Manufacturing is a critical industry in the Hunter region. It is an output generating sector estimated to be worth over $18 billion pre annum. It is also an industry that is linked to global manufacturing – particularly sensitive to global economic shifts, with a reliance on global supply chains – and the many manufacturing powerhouses in the Asia-Pacific region which drive competition.
The global economy is slowing down. That means there are numerous challenges facing manufacturers making it important for business owners to understand at a holistic level the industry direction.
A global KPMG survey of 1,325 CEOs across 11 markets conducted between July and August 2022 found that leaders remain confident of their company’s growth prospects for the next three years. This level of confidence has hardly changed over the past 12 months. They are also optimistic about the growth of their industry between now and 2025, much more so than in previous polls.
CEOs are, however, less confident about the short-term growth prospects for the world economy. As governments tackle rising inflation by dampening demand, 83 percent of CEOs believed there will be a recession in 2023 and considerably fewer, 63 percent, expected it to be mild and short. Despite the optimism about the longer term, more than three quarters admitted a recession may affect their company’s three-year growth prospects.
Almost four in five expected earnings to take a hit of six percent or more. However, there are areas of anticipated continued demand. For the Hunter, manufacturing in the defence industry continues to be a strong strategic focus. This corresponds with global military spend hitting an all-time high in 2020 of $2.9 trillion.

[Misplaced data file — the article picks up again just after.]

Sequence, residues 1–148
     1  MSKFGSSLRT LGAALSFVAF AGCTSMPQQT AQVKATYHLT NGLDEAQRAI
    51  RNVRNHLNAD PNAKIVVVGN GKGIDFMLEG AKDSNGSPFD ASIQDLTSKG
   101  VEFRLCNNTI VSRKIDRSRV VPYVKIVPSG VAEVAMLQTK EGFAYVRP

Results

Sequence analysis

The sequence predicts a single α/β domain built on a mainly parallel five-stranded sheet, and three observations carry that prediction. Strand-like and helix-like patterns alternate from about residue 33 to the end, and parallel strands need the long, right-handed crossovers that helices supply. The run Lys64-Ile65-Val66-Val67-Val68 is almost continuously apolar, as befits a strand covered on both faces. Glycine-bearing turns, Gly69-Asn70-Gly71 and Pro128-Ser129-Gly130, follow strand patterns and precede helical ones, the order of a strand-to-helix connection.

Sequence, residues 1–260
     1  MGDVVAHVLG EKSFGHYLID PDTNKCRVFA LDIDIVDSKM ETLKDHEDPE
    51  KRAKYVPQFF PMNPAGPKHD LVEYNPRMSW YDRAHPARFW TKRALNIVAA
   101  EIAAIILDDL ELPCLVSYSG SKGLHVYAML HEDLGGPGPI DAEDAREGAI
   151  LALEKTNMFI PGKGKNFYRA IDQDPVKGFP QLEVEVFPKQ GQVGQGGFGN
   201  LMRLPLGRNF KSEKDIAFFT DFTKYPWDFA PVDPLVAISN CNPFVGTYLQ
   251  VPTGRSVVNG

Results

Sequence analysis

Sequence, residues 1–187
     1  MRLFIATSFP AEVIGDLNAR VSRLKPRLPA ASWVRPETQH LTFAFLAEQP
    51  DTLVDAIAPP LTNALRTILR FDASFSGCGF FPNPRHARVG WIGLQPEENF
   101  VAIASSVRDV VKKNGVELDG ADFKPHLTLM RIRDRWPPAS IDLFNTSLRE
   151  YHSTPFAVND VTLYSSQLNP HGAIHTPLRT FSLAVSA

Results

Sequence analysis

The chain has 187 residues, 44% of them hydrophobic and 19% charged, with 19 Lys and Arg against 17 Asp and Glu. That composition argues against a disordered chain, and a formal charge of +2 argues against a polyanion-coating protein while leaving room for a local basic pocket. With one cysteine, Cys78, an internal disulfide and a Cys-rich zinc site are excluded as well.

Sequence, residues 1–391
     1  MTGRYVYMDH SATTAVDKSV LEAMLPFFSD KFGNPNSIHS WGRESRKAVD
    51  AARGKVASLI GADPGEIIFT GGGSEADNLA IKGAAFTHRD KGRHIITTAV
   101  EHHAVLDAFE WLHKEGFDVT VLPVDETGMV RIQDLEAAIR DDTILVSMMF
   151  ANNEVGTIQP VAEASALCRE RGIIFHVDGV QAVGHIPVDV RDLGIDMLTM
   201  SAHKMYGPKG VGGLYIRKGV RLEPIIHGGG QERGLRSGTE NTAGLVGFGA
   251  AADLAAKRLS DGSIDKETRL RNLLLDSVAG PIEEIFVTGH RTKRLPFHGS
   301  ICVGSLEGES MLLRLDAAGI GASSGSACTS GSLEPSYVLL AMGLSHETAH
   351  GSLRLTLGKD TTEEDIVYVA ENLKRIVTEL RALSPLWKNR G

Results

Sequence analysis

In order to capitalise on this opportunity, manufacturing operations needs to be future focused.
Now more than ever, Industry 4.0 capabilities play a central role in making Australian manufacturing competitive both locally, and globally. Making the transition to achieve an agile, fast growing and highly profitable manufacturing business starts by charting out your pathways to desired target state.
- Having clarity on your customer focus and where and how you interact with them
- Being clear on partnerships across your business from suppliers through to deliver partners and distributors
- Understanding at a granular level your operations and where they could be optimised
- Identifying parts of the value chain needing to adopt further automation or advanced technologies
Ensuring alignment on these fundamental focus areas allows management teams, and their organisations, to have a clear view of the direction they want to take.
Bringing supply chain closer can speed up ‘go to market’, provide more control and more flexibility, contribute to the growth of communities, and help the environment. For local organisations to be attractive enough to be part of the Australian supply chain, there is a necessity to accelerate the adoption of modern technologies.
This helps local businesses to be sustainable, socially aware, well governed, compliant with regulation, and cost competitive. The challenge for many organisations, can be to decide ‘what to do’ and ‘where to start’.
KPMG works together with local manufacturing, life sciences and automotive businesses to help them define and achieve their transformational journey. It’s typically one that is long term, sustainable and incorporates learnings from multiple local and global transformation. While the journey can be lengthy, a multi-speed adoption of the right technologies and approaches will enable benefits from accessible and affordable components such as those seen in the Industry 4.0 adoption cycle at an early stage.